Special training was provided for these individuals who were sent abroad in order to blend in American society without suspicion. In a more modern text, KGB ALPHA TEAM TRAINING MANUAL published in 1993, chapters are highlighted and were mandatory to complete (pages 2-4). Additionally, in order to prepare Soviet spies for the small towns of the United States and to experience an actual American lifestyle, training camps were constructed. In 1959, a small American town was built in Vinnytsia, Ukraine and was used throughout the 1960s to train Soviet spies. These small towns were based off of released American movies or TV shows. Living within these towns for a period of time, spies in training were to conduct themselves as they would in the United States. Greeting and speaking amongst one another, driving cars, cooking Americanized dinners, attending church, and purchasing American goods from the grocery store. Retired KGB officers and spies were hired to play the roles of various individuals one would find within a small town: neighbors, police officers, businessmen, and bankers are only a few disguises.

Preparation and training was taken seriously by the KGB and the Soviet Union and during the years of the Cold War when tensions were high between the United States and the Soviet Union espionage was key in gathering intelligence on the enemy.


“Is FSB Trying to Rewrite History.” Current Digest of the Russian Press, 2017. Accessed April 5, 2018.

“KGB Alpha Team Training Manual.” Issuu Inc, October 27, 2016. Accessed April 5, 2018.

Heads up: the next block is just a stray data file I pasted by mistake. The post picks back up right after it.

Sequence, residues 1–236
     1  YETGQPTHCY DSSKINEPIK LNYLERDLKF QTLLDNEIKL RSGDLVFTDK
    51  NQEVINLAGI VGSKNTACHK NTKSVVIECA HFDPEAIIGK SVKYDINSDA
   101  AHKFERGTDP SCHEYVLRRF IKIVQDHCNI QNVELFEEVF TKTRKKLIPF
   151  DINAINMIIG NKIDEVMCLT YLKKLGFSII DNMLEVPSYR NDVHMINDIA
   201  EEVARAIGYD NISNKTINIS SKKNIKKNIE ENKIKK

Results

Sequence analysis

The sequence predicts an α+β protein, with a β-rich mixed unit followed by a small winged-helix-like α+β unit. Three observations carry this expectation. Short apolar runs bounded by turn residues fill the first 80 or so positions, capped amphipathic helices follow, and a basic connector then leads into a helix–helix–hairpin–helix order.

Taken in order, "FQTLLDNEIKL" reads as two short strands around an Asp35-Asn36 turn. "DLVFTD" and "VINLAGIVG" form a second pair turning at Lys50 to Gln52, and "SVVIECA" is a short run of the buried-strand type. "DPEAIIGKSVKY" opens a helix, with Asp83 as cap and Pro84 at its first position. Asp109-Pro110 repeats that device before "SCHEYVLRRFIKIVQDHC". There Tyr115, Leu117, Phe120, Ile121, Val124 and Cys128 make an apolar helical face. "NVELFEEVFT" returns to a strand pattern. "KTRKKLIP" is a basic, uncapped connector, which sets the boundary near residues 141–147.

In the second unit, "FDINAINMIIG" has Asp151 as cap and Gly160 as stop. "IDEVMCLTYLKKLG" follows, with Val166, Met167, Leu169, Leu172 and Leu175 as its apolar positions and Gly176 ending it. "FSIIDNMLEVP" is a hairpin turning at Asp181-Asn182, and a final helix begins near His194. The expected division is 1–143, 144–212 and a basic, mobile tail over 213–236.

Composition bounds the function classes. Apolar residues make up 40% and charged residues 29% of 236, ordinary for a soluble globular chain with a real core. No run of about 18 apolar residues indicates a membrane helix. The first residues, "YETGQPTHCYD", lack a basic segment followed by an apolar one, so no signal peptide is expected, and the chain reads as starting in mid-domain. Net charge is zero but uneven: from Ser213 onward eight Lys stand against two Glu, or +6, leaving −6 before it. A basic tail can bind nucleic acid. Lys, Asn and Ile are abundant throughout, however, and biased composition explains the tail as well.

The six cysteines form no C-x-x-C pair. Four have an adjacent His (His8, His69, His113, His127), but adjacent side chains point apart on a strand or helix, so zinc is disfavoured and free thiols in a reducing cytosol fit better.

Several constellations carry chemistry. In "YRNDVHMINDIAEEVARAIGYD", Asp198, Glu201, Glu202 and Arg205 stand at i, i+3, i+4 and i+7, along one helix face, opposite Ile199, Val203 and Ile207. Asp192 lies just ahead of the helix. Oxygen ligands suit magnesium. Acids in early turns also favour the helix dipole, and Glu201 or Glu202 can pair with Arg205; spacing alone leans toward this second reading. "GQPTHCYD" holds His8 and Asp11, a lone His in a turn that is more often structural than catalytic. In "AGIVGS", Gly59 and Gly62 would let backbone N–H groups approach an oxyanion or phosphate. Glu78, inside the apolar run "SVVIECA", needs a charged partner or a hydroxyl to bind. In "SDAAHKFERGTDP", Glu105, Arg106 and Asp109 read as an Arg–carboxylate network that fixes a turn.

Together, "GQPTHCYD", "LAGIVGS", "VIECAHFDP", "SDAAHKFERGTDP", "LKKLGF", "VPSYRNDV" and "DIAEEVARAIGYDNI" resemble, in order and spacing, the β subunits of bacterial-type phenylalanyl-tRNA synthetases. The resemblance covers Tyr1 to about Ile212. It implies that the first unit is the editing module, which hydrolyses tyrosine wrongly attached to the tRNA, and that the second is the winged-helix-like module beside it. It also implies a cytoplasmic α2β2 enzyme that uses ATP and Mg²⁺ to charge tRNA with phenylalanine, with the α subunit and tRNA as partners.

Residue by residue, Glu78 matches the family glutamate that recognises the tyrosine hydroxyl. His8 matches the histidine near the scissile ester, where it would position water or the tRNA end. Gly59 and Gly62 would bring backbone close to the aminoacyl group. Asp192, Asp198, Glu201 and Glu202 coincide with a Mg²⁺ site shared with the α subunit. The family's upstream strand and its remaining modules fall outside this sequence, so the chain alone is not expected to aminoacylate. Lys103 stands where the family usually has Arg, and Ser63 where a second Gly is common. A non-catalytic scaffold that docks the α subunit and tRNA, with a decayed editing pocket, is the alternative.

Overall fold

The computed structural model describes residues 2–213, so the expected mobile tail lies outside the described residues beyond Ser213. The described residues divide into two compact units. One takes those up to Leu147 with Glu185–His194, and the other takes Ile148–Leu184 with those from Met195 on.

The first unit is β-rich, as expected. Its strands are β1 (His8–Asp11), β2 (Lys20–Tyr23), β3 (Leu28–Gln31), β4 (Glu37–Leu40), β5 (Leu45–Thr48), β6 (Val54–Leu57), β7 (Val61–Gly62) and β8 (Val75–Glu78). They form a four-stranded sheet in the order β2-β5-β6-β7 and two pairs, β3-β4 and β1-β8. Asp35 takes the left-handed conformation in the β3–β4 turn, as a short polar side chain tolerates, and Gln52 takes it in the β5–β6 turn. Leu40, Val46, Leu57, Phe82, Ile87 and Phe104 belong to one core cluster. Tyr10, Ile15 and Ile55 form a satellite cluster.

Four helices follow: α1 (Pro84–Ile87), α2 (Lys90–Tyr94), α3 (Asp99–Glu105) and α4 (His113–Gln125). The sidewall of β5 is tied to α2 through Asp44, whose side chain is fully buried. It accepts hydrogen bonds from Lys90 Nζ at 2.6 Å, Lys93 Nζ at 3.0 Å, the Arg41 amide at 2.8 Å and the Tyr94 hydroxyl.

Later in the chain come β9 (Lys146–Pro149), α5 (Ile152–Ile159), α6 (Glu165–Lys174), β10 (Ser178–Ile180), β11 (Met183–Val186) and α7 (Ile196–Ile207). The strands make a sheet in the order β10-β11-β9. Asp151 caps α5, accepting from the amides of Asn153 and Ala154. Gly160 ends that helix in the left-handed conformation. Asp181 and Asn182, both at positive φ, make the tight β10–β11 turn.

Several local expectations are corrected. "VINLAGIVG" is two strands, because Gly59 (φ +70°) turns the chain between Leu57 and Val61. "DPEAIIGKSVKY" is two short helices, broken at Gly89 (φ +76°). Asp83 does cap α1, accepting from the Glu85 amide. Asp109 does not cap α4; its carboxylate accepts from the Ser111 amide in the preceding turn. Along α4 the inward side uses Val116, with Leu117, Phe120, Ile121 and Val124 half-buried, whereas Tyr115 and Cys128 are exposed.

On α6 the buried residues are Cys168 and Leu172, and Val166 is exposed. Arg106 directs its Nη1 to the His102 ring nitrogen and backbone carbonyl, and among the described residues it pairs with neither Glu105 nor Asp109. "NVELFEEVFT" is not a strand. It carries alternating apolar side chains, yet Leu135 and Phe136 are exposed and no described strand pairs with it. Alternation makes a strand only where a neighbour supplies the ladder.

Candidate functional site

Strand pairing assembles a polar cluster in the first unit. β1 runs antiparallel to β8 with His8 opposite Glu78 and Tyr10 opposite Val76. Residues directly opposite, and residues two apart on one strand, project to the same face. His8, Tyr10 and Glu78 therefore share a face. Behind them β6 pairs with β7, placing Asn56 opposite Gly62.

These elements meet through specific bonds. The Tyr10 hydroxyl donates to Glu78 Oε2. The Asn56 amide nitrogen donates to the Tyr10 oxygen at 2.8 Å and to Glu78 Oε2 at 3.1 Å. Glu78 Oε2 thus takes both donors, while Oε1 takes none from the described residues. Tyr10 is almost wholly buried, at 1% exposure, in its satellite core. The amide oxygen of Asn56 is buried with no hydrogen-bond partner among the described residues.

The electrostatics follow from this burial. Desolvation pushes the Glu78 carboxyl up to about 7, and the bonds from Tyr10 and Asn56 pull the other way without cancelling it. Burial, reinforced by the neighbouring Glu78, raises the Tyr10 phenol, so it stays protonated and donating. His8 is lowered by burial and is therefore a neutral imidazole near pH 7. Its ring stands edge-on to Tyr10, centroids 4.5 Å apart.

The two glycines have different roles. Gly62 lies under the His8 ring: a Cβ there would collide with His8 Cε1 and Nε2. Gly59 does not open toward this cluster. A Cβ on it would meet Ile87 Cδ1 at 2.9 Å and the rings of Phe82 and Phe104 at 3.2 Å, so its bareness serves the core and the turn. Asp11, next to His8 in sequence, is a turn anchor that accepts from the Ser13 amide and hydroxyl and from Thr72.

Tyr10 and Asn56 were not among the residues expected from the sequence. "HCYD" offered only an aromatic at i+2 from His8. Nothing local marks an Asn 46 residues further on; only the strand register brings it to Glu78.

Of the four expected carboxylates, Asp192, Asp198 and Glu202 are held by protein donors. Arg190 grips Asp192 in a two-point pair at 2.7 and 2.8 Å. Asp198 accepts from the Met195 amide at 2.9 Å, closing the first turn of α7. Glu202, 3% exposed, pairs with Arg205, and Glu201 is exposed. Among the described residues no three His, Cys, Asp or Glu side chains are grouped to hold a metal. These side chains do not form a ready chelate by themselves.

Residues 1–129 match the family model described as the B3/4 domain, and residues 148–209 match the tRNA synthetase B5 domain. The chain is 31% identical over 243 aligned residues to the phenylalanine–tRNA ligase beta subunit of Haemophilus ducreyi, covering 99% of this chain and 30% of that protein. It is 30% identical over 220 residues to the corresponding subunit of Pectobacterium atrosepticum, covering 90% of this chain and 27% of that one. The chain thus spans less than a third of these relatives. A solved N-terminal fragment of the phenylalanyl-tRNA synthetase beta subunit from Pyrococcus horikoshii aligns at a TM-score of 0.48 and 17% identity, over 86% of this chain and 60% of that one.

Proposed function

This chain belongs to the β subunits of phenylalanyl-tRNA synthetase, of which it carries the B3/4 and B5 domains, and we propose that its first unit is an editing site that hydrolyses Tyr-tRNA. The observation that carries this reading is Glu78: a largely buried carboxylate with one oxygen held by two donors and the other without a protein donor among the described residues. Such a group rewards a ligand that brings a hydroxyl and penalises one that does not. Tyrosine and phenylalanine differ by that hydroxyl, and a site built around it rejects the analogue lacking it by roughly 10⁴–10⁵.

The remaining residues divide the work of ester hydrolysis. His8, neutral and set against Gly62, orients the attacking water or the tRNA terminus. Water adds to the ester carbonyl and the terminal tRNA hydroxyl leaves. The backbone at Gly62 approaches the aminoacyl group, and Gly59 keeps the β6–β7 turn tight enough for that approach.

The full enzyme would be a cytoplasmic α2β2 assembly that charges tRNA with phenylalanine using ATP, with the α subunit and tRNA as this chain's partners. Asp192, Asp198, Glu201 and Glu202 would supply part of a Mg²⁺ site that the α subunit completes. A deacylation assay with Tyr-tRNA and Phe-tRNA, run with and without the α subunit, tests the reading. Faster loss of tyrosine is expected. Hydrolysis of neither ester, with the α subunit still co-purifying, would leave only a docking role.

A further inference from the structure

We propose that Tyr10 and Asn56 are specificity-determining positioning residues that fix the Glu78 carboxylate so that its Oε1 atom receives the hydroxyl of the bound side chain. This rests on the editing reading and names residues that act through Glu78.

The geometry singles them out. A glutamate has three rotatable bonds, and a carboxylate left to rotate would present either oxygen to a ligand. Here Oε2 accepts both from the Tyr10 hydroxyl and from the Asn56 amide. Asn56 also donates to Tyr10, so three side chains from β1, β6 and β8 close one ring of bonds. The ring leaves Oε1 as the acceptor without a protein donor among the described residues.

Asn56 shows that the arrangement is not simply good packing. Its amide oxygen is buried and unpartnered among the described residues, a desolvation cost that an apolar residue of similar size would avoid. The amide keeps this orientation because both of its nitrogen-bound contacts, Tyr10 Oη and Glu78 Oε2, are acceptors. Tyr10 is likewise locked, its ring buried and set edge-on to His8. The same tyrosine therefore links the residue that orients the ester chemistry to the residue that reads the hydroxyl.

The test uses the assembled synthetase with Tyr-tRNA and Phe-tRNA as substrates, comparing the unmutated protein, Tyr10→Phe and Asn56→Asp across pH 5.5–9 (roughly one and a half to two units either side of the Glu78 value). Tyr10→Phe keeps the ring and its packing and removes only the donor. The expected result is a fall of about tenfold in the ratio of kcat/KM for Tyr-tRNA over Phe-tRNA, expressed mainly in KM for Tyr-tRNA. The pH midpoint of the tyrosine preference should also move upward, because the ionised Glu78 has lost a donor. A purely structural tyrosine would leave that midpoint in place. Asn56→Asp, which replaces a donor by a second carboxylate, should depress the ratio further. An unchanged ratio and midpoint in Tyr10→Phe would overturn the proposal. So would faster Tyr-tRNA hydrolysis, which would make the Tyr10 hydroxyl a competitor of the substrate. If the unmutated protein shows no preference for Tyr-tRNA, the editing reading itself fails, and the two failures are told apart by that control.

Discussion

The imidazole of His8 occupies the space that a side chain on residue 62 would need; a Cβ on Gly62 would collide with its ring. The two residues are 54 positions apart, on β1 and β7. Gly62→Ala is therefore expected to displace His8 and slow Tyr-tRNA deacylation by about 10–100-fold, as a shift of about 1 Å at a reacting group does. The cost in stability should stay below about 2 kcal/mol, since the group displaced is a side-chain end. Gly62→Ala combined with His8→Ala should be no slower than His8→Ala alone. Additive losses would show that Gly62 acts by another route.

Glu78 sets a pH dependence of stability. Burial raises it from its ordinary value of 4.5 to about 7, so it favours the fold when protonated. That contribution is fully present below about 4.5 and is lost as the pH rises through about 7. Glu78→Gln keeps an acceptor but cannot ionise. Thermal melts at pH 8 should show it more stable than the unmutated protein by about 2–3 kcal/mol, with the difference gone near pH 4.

Flemer, Sherman W. “SOVIET INTELLIGENCE TRIANING.” CIA, 1994. Accessed April 5, 2018.

“1960 Soviet Spy School Training: Small Town Espionage and Surveillance.” YouTube, May 23, 2012. Accessed April 5, 2018.

Loveland, Mariel. “Fake American Towns Built by the Soviets to “Understand America”.” Weird History: In Soviet Russia. Accessed April 5, 2018.

Germany’s Mistake is a Soviet Success

Soviet Union success during The Great Patriotic War can easily be associated with modifications within the military and political world: the improvement of military strategies and the extreme centralization which allowed the state to better mobilize its people and resources. While keeping in mind the improvements and corrections made by the Soviet Union one must also account for the failures of the German army. Operation Barbarossa, the code name for the Axis invasion of the Soviet Union by the Germans, was ultimately a disaster for the German regime. Time, resources, and soldiers were sacrificed for a cause that in the end would lead to German misfortune and Soviet Union achievement.